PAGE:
This is an independent blog. Please note that I am nowhere near fluent, and that these are not translations, but merely works in progress. Please do comment if you come across misreads or anything else you think is important.
Four of the Hawaiians who were with Buffalo Bill’s Wild West show are at San Francisco rooming in a big building opposite the Occidental on Montgomery. The boys, who hope to get off for home by Manoa, are: K. Nakea, Hoapili, Kipi and Makalena. Continue reading →
Quartet Sings Old Hymns of Hawaii For Leper Colony
A program of sacred Hawaiian music will be heard through KGU this evening from 6:10 to 6:30. A mixed quartet under direction of Olivia Nakea will present the first of a series of songs for “shut-ins” throughout the territory. Continue reading →
Venerable Charles E. King, whose Song of the Islands is among the most widely known of all Hawaiian music, pulled no punches in a talk before the Hawaiian Civic club today on modern day treatment of island songs.
“Hawaiian music,” said Mr. King, speaking at the club luncheon at the YWCA at noon, “is being murdered—and by Hawaiians.” Continue reading →
The Kawaihau Glee Club will give a free concert at the Emma Square musical assembly this Tuesday, April 3. There will be performed enthusiastically, songs recently composed by Mekia Kealakai, Jim Shaw and Solomon Hiram, some of the experts of that famous glee club from the time of the Monarchy. They will be fully attired in their uniform that they wore when they travelled the length and breadth of America. For the benefit of the lovers of songs of the Aloha Aina newspaper, we are printing those heart-grabbing songs that will be played that night. Continue reading →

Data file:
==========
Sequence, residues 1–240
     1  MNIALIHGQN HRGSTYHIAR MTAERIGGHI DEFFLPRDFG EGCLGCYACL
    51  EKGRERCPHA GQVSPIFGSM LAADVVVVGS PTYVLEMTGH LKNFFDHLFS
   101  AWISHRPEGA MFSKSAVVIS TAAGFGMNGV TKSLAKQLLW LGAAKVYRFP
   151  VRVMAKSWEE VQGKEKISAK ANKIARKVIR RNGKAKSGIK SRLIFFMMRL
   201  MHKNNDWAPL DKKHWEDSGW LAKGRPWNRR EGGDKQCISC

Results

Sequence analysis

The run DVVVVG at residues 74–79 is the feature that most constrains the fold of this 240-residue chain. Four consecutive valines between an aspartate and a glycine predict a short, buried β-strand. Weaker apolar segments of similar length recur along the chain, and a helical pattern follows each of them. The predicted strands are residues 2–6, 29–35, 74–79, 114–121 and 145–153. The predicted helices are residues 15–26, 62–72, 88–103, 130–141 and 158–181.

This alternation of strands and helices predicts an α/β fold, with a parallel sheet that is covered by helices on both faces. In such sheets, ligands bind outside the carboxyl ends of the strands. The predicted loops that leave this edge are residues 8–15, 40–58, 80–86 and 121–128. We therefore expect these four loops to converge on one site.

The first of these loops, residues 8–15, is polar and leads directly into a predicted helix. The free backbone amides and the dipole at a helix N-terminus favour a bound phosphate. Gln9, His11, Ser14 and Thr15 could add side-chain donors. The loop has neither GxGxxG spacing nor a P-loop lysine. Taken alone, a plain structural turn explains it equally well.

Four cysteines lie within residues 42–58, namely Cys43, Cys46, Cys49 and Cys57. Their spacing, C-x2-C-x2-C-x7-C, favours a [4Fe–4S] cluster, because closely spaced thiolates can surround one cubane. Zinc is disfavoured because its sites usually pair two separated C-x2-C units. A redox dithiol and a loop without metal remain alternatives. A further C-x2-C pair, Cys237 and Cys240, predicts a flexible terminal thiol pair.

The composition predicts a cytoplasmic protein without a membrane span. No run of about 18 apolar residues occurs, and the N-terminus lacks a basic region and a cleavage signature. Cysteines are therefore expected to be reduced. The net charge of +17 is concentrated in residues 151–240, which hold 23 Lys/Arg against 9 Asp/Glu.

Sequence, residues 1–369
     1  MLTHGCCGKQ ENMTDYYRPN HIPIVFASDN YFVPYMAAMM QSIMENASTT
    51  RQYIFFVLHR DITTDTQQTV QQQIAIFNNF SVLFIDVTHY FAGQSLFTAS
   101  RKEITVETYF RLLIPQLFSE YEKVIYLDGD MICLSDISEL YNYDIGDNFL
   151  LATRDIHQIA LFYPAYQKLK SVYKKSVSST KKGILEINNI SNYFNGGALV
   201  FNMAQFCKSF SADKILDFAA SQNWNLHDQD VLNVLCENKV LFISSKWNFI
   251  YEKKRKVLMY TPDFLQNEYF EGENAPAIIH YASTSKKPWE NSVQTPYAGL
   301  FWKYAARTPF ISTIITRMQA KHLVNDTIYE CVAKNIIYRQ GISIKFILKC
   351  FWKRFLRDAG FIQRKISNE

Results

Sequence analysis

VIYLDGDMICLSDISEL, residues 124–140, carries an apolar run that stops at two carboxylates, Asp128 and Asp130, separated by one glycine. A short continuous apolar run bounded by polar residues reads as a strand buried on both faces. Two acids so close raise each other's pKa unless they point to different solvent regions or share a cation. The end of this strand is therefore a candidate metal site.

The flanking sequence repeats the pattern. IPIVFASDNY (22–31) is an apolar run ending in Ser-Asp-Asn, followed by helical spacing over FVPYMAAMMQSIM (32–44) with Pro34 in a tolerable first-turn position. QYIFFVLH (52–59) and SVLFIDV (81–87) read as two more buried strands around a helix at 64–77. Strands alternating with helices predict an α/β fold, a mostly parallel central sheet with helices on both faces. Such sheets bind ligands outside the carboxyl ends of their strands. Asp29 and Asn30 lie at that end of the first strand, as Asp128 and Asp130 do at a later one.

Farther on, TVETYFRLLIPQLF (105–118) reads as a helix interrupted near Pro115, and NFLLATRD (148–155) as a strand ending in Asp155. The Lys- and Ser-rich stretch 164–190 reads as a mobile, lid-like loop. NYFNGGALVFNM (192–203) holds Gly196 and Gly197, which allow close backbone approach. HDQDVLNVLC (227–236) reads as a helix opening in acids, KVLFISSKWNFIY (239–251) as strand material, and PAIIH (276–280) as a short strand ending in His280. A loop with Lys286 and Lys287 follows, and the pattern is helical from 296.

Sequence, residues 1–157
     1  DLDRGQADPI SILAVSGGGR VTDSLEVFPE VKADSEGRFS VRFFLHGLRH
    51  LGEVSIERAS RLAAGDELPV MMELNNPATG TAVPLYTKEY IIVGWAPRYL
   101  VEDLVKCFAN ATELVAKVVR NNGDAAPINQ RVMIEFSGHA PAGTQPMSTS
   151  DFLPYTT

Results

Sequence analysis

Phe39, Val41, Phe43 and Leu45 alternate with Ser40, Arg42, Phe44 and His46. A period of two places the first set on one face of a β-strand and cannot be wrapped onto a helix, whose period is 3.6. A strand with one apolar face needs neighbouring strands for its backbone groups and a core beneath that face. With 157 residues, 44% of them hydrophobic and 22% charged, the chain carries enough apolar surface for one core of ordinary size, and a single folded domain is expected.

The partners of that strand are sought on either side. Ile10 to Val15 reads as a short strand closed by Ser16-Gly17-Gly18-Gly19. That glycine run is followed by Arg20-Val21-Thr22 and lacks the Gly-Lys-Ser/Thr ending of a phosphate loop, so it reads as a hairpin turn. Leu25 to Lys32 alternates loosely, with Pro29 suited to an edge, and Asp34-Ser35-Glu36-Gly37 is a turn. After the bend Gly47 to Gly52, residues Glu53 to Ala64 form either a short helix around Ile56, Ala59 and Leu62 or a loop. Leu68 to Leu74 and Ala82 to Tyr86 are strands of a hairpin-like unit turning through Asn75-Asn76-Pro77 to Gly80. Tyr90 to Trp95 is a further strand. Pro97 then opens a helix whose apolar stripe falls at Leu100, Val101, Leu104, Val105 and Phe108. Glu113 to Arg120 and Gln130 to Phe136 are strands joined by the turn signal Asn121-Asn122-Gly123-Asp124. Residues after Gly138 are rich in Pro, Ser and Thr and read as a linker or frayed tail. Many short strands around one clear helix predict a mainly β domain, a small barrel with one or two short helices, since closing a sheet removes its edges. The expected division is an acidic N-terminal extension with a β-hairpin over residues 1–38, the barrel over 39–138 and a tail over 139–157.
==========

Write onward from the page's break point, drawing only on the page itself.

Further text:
Standing from the left: David Kaahili, Prince Jack Heleluhe, John Nakeleawe; Sitting below: Miss Amy Awai, Joseph K. Kekipi.
The photograph above, is of some Hawaiian youths that are travelling around America while working, singing and playing music. Their names are above, and they faces are familiar to Honolulu’s people. Continue reading →